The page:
Blocking bots with mod security31 Oct 2007
mod_security is an awesome apache module to have in your security arsenal -- but besides the extra security it gives you it can also be used to protect the content on your blog or website.
There are a few risks and reasons to block certain bots 1) If you use apache as a proxy spammers may try to use your Apache to "fake" clicks on advertisements on their pages, 2) to send plain old email spam and 3) to steal content from your site and use it as filler on their sites used only to serve out ads. mod_security can prevent all of this.
The key is to leverage mod_security's abilities to perform certain actions based on the the HTTP protocol requests it receives from the client. In this case clients are both legitimate web-browsers, search engine crawlers, and nefarious bots looking to mirror content on their own sites and make advertising money.
The key field in the Http request is called the "User-Agent". This is the string that clients use to identify themselves, for example when the Google spider fetches a page it declares its user agent to be "Mozilla/5.0 (compatible; Googlebot/2.1; +http://www.google.com/bot.html)" , The Yahoo spider identifies itself as "Mozilla/5.0 (compatible; Yahoo! Slurp; http://help.yahoo.com/help/us/ysearch/slurp)", and finally my firefox browser currently version 188.8.131.52 identifies itself as "Mozilla/5.0 (Windows; U; Windows NT 5.1; en-US; rv:184.108.40.206) Gecko/20071008 Firefox/220.127.116.11".
It is worth noting that clients have full control over the way they identify themselves in the User-Agent header, and many choose to mask their existence by looking like a standard web browser. However, many quick and dirty bots, and scrapers either fail to do so, either because they don't care or because their authors don't know enough about the HTTP protocol to know why they would want to.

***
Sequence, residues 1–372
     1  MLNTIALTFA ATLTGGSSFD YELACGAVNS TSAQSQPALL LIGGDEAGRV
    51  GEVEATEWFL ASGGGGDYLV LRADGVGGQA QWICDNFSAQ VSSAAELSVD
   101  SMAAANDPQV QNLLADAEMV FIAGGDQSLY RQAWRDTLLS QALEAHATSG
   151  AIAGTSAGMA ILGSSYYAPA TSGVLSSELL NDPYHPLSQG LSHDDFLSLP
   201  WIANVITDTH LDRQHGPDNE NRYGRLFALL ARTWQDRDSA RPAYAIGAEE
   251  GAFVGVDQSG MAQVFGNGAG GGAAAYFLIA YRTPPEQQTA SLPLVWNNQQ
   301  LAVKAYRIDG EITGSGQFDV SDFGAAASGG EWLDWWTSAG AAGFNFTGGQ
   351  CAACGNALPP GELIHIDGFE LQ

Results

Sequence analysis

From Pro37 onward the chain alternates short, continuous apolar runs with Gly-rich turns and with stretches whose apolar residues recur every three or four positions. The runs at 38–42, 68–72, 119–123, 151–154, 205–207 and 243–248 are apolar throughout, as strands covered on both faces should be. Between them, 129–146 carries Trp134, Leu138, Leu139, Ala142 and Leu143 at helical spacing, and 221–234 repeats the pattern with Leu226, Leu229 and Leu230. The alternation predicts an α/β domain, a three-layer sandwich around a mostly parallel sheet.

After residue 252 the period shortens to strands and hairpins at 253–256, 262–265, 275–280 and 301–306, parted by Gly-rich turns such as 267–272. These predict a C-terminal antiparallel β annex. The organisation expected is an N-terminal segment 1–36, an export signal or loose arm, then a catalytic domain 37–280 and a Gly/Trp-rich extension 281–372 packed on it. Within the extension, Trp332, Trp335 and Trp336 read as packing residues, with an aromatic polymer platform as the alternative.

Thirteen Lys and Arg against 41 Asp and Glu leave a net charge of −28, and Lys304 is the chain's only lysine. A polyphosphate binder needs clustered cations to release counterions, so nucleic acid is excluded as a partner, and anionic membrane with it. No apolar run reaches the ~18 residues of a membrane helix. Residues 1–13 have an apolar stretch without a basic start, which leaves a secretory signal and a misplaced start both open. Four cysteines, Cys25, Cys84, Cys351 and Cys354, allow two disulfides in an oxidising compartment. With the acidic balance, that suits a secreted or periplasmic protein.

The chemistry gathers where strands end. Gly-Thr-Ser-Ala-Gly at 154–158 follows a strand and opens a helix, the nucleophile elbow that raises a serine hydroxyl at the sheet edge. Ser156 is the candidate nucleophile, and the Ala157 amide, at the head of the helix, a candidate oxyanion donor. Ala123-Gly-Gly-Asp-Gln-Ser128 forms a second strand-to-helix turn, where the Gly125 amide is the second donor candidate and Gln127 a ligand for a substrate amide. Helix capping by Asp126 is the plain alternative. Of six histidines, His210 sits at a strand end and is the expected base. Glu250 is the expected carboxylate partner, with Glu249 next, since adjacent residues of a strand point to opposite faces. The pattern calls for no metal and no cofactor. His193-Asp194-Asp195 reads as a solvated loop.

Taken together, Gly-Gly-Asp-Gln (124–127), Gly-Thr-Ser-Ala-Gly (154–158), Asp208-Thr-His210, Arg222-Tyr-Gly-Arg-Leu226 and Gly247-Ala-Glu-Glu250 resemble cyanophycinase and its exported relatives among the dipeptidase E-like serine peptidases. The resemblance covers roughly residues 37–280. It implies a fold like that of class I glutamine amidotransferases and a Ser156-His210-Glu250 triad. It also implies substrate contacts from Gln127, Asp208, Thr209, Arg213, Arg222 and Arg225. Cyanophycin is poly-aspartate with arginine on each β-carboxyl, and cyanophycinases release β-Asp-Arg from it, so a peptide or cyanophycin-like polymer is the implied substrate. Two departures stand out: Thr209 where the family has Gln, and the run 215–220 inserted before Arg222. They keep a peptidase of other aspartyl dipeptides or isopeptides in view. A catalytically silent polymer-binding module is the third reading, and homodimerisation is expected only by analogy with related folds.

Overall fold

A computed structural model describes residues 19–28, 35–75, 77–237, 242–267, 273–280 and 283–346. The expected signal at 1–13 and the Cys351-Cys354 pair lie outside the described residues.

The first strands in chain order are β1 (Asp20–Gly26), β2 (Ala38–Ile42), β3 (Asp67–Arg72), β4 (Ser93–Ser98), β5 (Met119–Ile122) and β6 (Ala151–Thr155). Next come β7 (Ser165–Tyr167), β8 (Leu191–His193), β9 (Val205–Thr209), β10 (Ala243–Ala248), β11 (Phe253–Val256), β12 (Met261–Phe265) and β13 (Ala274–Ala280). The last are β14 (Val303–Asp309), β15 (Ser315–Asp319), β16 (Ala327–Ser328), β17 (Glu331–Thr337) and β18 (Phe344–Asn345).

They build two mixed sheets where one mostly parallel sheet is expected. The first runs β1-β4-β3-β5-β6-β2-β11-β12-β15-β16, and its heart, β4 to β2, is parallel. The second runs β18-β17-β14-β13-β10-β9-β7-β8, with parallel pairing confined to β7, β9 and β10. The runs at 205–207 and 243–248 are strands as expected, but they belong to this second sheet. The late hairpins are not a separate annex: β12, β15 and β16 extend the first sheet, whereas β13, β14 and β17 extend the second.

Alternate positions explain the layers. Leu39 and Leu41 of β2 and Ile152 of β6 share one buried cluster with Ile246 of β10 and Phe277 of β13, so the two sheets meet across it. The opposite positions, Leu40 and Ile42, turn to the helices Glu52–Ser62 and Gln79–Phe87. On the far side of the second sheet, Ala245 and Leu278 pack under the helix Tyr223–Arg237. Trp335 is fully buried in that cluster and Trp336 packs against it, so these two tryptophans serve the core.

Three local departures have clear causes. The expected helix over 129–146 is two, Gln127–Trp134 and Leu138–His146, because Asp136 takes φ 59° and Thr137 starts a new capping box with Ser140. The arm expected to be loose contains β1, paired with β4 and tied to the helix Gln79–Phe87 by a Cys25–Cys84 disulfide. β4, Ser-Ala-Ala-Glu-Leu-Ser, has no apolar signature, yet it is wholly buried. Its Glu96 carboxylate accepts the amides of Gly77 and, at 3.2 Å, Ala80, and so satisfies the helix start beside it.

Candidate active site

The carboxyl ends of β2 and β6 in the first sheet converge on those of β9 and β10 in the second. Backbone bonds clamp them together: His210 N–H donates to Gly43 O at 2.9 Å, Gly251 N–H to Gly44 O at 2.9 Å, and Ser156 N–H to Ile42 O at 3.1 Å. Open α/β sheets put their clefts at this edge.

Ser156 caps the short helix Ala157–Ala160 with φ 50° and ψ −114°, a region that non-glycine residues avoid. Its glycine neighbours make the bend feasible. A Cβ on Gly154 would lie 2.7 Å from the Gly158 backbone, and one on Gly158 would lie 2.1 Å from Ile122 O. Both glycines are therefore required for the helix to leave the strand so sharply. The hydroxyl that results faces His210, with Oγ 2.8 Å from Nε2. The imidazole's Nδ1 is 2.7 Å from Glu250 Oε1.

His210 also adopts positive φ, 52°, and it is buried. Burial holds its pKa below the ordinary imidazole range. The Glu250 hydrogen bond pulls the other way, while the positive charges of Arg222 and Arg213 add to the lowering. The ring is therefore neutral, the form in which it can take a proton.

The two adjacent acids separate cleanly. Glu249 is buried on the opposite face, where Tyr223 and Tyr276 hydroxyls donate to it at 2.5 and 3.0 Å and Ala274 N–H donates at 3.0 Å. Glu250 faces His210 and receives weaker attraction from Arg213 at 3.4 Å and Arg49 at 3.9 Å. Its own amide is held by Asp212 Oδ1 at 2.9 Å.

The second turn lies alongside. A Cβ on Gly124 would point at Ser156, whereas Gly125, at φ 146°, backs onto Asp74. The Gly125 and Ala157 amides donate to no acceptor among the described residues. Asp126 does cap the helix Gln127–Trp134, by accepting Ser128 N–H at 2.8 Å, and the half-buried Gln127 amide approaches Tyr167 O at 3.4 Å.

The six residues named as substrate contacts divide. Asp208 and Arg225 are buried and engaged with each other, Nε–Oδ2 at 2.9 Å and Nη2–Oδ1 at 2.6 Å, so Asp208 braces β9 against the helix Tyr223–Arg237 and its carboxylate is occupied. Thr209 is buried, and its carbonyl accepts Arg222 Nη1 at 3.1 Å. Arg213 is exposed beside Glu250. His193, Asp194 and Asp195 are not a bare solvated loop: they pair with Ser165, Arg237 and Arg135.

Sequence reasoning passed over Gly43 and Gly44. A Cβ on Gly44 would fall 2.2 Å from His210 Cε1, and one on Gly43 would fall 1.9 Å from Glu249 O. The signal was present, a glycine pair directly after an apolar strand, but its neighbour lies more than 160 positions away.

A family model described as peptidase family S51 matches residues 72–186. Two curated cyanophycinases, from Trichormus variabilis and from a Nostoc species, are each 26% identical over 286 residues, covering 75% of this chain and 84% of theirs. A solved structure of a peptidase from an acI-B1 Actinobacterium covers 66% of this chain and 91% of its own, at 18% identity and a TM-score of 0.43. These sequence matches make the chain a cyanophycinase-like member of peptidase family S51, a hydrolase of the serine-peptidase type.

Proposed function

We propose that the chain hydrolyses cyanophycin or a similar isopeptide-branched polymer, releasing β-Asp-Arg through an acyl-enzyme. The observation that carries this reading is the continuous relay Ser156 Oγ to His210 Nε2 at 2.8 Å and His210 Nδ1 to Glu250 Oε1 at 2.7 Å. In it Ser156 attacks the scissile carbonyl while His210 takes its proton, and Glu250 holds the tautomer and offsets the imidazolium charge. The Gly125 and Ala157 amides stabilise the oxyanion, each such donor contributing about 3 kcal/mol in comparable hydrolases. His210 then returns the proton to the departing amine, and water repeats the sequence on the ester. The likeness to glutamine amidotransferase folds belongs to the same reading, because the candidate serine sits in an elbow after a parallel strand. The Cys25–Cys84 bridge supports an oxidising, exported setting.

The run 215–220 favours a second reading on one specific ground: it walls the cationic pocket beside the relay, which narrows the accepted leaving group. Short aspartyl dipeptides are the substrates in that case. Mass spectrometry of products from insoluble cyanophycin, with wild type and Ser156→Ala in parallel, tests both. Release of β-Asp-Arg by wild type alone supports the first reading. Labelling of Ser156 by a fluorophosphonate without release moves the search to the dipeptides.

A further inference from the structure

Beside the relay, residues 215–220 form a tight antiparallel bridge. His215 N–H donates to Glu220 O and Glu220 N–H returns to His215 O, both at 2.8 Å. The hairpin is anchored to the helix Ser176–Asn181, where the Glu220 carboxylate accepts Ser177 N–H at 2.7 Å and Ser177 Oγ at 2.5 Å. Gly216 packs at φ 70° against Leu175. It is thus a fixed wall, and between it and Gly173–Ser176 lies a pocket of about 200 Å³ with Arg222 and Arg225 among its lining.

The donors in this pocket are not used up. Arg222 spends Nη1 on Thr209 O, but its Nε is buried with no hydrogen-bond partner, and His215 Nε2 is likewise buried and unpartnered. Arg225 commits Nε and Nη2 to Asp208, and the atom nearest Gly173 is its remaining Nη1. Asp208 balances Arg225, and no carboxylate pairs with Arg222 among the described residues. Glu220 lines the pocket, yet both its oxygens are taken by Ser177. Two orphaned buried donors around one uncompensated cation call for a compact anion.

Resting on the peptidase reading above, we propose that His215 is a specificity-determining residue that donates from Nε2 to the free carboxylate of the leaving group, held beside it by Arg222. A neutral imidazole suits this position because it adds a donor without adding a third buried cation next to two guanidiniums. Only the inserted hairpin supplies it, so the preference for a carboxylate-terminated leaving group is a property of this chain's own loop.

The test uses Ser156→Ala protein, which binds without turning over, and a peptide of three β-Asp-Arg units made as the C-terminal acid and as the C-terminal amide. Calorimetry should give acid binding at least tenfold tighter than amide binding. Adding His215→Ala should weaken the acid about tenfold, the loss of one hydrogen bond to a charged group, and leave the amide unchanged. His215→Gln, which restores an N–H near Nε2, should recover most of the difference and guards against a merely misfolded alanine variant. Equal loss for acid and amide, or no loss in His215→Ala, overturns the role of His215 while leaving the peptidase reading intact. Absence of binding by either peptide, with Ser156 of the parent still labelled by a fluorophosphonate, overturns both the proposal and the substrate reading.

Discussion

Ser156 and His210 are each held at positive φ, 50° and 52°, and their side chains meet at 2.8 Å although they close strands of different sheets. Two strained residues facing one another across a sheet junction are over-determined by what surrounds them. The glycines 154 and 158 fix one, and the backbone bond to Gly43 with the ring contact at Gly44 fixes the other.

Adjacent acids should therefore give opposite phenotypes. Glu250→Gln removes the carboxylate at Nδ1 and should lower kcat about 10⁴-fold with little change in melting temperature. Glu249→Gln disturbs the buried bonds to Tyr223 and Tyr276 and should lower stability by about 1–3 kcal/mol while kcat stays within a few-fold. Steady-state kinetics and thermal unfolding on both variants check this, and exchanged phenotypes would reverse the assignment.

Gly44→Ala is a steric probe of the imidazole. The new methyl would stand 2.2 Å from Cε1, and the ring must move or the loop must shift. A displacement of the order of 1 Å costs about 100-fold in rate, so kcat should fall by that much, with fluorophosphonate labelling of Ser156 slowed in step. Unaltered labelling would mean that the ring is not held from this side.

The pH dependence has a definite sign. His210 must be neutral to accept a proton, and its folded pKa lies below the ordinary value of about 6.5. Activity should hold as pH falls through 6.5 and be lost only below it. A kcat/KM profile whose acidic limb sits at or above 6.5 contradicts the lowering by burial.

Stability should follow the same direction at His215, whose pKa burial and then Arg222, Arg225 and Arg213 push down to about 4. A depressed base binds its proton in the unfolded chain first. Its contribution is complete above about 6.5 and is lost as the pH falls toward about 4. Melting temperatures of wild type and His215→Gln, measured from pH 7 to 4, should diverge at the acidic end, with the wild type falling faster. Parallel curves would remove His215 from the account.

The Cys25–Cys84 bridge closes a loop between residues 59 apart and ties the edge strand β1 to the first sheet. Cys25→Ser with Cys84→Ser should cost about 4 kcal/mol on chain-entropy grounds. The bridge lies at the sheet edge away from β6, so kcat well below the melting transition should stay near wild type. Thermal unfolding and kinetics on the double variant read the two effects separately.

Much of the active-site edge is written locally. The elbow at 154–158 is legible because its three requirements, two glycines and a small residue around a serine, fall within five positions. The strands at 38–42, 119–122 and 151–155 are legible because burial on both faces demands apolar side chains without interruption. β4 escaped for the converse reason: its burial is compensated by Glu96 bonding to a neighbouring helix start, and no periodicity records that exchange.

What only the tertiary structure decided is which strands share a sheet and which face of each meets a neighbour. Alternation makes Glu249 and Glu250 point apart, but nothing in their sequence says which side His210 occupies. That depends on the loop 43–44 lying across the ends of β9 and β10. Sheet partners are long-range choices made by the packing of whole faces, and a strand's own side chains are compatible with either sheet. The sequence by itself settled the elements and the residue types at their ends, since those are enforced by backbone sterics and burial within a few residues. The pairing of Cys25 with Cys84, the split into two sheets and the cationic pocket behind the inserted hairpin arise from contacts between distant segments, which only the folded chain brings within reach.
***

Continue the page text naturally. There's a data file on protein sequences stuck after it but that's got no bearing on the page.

There are two approaches: 1) Block everything but a pre-approved white list, 2) Allow everything except a pre-denied black list. The first approach doesn't really work, because we don't want to have to update our apache configuration every time a new web-browser comes out, so we are left with only blocking a set of the most egregious bots.
Ideally we want our configuration to fail gracefully when mod_security isn't available (if we move servers for examples).
Below is the configuration I use on my Apache host.
I block bots that try to proxy to other sites (presumably to fake ad clicks) and ones that try to connect to Port 25 -- the email port to send spam. I comment the configuration inline (the lines that begin with #), but here is a quick overview:
The <IfModule> tells apache only to run the following configuration if the mod_security module is present. This allows me to copy this around to different hosts where I may or may not have mod_security without breaking the apache config.
The begin just sets up mod_security, and configures where we will log traffic we have blocked. The first interesting configuratin directive "REQUEST_METHOD" blocks two HTTP request types that probe the server (TRACE) or can connect to a mail server to relay spam (CONNECT). The next line "REQUEST_URI_RAW" blocks requests that are not relative to the server (such as requestion /help.html) but contain the full protocol which means the request is probably trying to access a remote site. The remaining "REQUEST_HEADERS" lines block access depending on the headers in the HTTP request. We must specificy which header we want to examine, in our case the "User Agent" and what identifier we want to look for.
Hope this helps.
Basic configuration options
SecRuleEngine On SecRequestBodyAccess On SecResponseBodyAccess Off
SecDebugLog /var/log/apache2/modsec_debug.log SecDebugLogLevel 0
Serial audit log
SecAuditEngine RelevantOnly SecAuditLogRelevantStatus ^5 SecAuditLogParts ABIFHZ SecAuditLogType Serial SecAuditLog /var/log/apache2/modsec_audit.log
Block HTTP requests that have http://, proxy spam, or ones that go to port 25
SecRule REQUEST_METHOD "^((?:connect|trace))$" "log,drop" SecRule REQUEST_URI_RAW "http:/" "log,drop" SecRule REQUEST_HEADERS:User-Agent "VadixBot" "log,drop" SecRule REQUEST_HEADERS:User-Agent "radianrss-1.0" "log,drop" SecRule REQUEST_HEADERS:User-Agent "Python-urllib/2.5" "log,drop" </IfModule>